BRAINERD, Minn. — A fragmented and shortened senior year and derailed after graduation work plans could be enough to upend anyone's attitude or outlook.
But four college students used those setbacks to devise their own business model, create a product to sell and set up a campaign to fund it.
Hanna Degen graduated from Brainerd High School in 2017. At the College of St. Benedict's in St. Joseph, Degen was closing in her senior year as an economics major when the coronavirus changed the world.
In the fall of 2019 Degen and her friends were part of an entrepreneurship program at The Donald McNeely Center for Entrepreneurship that provides classes, coaching and assistance and is geared to building relationships between students at St. Ben's and St. John's University. The center describes itself as a relationship builder not only between students but including faculty, alumnae and community members.
Degen was working with classmates during the three-course entrepreneurial program, which culminates in launching a business, when their idea was born to start creating a game, something they would want to play themselves.
Degen believed in their business venture and the changed landscape presented a new opportunity to see if they could actually launch their vision. They added another friend who lost out on his job, was accomplished in design and brought skills as an accounting major and the foursome for the team was complete. The people behind the venture are Degen, Margaret Kosir, Zach Kennedy and Owyn Ferguson.
Their venture — doghouse — was based on the party games they liked to play with their own twist. Instead of winners every round, they had a loser and a location where they went: to the dog house. They went on to create an entire dog theme. Since people often grow tired of a game after a time, they put it together as six games in one. A role of the die moves the players to a different game each round.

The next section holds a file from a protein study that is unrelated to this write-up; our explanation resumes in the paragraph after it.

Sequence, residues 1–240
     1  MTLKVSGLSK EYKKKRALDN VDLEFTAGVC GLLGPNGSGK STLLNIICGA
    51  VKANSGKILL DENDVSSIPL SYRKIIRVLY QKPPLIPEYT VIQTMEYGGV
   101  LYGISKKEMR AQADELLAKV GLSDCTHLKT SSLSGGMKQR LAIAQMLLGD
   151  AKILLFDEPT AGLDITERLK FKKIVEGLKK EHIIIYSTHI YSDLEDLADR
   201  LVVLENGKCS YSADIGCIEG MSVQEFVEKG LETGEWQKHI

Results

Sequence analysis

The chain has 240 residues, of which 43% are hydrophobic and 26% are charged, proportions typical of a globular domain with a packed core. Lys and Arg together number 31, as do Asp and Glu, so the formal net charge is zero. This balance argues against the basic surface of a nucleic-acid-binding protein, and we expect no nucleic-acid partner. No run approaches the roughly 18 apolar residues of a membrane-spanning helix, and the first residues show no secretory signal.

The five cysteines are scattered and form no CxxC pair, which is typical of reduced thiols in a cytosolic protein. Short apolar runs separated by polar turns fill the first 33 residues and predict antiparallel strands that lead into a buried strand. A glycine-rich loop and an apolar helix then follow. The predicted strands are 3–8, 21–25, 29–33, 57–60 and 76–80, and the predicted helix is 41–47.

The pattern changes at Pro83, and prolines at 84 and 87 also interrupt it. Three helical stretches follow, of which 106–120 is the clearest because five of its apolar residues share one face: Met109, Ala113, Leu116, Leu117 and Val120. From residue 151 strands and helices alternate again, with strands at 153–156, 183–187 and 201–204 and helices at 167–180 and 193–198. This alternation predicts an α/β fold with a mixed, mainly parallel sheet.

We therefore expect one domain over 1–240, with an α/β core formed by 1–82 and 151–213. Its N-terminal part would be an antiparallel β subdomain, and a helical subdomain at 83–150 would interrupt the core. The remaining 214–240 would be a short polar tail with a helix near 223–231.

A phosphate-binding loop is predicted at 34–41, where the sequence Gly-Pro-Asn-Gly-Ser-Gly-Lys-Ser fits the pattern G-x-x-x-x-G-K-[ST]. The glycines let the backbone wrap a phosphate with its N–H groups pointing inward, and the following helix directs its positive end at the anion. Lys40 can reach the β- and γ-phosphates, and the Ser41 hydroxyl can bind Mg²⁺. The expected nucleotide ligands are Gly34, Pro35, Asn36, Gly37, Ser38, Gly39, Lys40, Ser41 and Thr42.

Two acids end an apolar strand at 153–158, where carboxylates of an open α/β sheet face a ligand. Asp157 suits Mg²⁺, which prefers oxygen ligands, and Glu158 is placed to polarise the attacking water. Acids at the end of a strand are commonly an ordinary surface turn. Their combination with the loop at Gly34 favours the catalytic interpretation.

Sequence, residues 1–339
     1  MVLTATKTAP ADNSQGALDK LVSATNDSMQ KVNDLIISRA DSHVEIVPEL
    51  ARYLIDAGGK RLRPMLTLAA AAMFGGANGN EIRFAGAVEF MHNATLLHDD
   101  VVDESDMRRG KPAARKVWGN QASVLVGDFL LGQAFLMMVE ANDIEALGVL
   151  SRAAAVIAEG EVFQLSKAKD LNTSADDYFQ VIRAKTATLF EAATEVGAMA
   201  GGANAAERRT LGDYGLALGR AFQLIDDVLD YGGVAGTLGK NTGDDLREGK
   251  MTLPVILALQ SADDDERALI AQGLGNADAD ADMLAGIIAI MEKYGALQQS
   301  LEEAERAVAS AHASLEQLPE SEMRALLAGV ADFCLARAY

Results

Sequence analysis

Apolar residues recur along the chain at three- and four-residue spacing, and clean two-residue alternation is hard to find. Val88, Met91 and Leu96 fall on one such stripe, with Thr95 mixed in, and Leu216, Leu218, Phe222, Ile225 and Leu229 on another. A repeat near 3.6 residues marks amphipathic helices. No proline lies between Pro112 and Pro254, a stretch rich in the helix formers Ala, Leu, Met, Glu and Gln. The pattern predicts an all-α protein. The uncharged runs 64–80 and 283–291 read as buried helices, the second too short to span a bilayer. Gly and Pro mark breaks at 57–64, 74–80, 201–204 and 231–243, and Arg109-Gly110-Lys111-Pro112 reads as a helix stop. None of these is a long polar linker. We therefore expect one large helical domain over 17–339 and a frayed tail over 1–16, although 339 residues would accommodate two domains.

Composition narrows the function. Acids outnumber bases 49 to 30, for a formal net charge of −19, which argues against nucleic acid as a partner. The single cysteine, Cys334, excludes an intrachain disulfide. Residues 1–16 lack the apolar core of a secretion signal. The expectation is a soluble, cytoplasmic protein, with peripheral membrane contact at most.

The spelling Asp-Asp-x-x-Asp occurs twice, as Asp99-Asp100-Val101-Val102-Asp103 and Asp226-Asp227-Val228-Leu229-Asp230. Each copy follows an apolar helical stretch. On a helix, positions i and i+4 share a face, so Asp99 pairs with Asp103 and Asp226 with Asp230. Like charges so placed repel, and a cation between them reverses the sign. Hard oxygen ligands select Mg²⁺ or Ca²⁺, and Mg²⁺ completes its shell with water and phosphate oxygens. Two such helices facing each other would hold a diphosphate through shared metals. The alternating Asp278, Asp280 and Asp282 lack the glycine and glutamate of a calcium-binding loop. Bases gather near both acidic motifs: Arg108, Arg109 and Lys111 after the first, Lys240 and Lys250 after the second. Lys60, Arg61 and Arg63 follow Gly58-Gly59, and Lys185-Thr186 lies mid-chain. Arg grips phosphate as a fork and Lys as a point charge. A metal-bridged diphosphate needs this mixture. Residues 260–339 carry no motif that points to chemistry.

Degen said the game allows creativity with the playing group deciding on a punishment for the loser in the doghouse, whether that is a silly dance or for appropriately aged adults perhaps partaking of an adult beverage. For Degen this option really gives the players the ability to pick what they want out of the experience each time they play and it allows players to enjoy the game in different ways and in different groups — whether that’s a group of college friends or a multi-generational family unit.
In the description for the project on Kickstarter, a site that allows people to support a project by funding it at various levels, the group describe it as a game people can’t wait to lose.
Degen credited the entrepreneurship center at the college as being instrumental in getting the project on the board with pro bono help from an attorney who served as one of their mentors.
She said they still talk to the mentors at the center every week about different ideas, resources and ways to improve.
As far as manufacturing, the class took three business trips and last winter over the Christmas break they took a trip to Shanghai, China. There they met a manufacturer of games, and were able to make a prototype of the game.
Now that the Kickstarter campaign ($17,205 raised of their $16,000 goal) is complete, they can place their order for the first round of manufacturing. Estimated delivery of the games is in December.
Now they’ve been working on revising the game to make the final copy the best version they can. They are looking at selling the game through Amazon and have been contacted by a few retailers.
For more information on the Kickstarter campaign, go to http://kck.st/2PloXWD.